Vinroot echoed notions of Charlotte being a community of civic, business and community leaders who collaborate and aren’t easily deterred by obstacles. He recalled the pre-Hornets/Bobcats era when a Charlotte group of interested parties went to Phoenix, AZ on a scouting mission for a pending NBA bid. A local sports writer said, “…the only franchise Charlotte could ever hope for was one with golden arches.”
“We just don’t buy that (attitude) In Charlotte,” said Vinroot. “We are as good as we say we are, and that’s not boosterism - we back it up.” He attributed Charlotte’s core city economic vibrancy as a contributing factor to the questions at hand. Vinroot cited statistics showing Charlotte center city per capita income as being a multiple of the surrounding suburbs where as cities such as Detroit and Atlanta (33 % and 45 % per capitas respectively) were merely a fraction of the surrounding environs.
“Healthy core, healthy city,” said Vinroot. “Why not select a shining new south city where we’re working on things that don’t work, whether it’s making the city safer or improving our schools? We are a city with challenges no different than other communities, what is different is how we go about addressing these and actively moving forward in finding solutions.”
Morgan had perhaps the keenest insight into the analysis and cited the “special relationship” between Charlotte Mayor Anthony Foxx and the President as a contributing factor.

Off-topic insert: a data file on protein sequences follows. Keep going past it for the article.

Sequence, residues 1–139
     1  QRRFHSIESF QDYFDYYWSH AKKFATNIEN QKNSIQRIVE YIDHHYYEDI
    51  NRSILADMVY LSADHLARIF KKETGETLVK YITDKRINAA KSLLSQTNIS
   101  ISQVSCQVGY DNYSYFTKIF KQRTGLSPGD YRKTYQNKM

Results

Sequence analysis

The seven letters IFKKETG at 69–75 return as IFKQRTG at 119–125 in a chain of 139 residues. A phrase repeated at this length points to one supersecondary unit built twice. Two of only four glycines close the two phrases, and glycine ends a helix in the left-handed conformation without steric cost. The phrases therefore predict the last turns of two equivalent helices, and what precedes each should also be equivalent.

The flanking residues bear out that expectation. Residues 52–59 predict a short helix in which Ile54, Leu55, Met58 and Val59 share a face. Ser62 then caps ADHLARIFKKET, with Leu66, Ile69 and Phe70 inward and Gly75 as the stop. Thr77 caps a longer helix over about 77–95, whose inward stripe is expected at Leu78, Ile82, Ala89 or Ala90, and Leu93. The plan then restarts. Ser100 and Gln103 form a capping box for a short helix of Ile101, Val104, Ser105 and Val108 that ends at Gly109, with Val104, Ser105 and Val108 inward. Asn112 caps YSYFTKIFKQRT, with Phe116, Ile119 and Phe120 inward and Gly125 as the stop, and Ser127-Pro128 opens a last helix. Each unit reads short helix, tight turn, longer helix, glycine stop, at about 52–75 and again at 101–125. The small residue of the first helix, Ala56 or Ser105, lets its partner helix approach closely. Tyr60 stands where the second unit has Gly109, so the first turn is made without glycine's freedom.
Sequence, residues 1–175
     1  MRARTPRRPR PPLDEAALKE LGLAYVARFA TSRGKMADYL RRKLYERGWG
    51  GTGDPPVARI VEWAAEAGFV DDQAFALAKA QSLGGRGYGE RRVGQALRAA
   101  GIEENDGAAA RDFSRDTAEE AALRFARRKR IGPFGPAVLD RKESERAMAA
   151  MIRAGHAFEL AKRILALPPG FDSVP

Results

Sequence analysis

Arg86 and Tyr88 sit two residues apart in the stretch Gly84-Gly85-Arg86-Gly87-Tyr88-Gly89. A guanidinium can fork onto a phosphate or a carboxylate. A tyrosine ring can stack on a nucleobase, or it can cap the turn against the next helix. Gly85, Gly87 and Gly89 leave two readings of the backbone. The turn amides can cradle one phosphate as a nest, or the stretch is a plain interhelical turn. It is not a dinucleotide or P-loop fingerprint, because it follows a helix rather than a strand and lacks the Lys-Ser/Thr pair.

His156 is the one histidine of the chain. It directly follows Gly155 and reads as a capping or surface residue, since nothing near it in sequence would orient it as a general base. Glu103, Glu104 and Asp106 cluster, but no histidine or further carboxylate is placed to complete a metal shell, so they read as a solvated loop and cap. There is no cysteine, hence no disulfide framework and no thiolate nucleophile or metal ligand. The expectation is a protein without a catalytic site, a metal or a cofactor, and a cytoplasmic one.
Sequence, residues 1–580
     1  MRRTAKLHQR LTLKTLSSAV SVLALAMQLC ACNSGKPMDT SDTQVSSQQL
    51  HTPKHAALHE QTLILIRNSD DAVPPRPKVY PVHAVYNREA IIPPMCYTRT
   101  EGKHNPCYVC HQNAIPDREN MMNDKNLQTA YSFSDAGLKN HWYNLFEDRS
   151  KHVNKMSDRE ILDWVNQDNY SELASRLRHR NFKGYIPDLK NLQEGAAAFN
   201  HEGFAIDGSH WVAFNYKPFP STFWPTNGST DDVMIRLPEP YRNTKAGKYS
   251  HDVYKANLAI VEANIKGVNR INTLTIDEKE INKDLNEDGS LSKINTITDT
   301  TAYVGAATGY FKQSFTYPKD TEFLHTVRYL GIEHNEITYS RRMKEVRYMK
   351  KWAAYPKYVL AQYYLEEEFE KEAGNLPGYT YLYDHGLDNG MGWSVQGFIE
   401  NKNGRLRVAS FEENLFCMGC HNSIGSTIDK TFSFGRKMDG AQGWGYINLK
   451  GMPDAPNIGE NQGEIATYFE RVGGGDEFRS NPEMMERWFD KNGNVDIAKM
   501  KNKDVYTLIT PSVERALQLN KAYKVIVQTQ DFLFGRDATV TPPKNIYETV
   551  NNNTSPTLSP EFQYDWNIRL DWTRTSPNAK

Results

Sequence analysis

“I’ve accompanied the mayor to Washington, and both he and the city have the attention of the administration,” said Morgan.
He also spoke about lessons from the 2000 bid and in addition to the issues previously mentioned spoke about creating a community that is attractive to young people. “The University played and will continue to play a significant role in attracting business to Charlotte,” said Morgan. “The research that comes with the academic environment creates spin off business which in turn creates jobs which of course are a tremendous economic engine.”
As to legacies left by the convention, each of the panel members pointed to the exposure and international spotlight as only being a good thing for Charlotte.
“We no longer need the NC,” joked Vinroot, “People know we’re not Charleston, S.C. or Charlottesville, Va.
Gantt speculated, as have others, about future possibilities of an Olympics. Atlanta was not unlike Charlotte in 1988 when they hosted their convention (DNC), eight years later they were hosting the Olympics.”
Charlotte looks like much of urban America, a juxtaposition of great promise, aspirations and civic pride all jumbled together with people who want to work that can’t, soaring education and housing costs and transportation challenges. Yet, as the panel concluded, even with our challenges we are working on them in a head on fashion and strong public/private collaboration is one key to moving forward.
More on the power of collaboration tomorrow.
Members of our Charlotte Viewpoint team are at the Democratic National Convention this week, bringing you daily DNC content, CV-style. Did you see our Sunday piece, by Linda Louise Brown, about the Hodges Taylor Gallery’s last show? It’s up during the DNC, through Sept. 14.